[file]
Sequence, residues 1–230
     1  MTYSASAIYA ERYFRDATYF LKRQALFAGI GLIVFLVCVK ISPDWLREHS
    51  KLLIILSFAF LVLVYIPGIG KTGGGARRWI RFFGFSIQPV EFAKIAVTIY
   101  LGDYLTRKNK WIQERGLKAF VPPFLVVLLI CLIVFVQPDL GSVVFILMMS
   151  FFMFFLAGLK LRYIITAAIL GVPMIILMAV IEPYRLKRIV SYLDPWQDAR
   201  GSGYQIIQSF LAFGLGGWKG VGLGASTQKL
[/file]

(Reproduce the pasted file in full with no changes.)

Sequence, residues 1–230
     1  MTYSASAIYA ERYFRDATYF LKRQALFAGI GLIVFLVCVK ISPDWLREHS
    51  KLLIILSFAF LVLVYIPGIG KTGGGARRWI RFFGFSIQPV EFAKIAVTIY
   101  LGDYLTRKNK WIQERGLKAF VPPFLVVLLI CLIVFVQPDL GSVVFILMMS
   151  FFMFFLAGLK LRYIITAAIL GVPMIILMAV IEPYRLKRIV SYLDPWQDAR
   201  GSGYQIIQSF LAFGLGGWKG VGLGASTQKL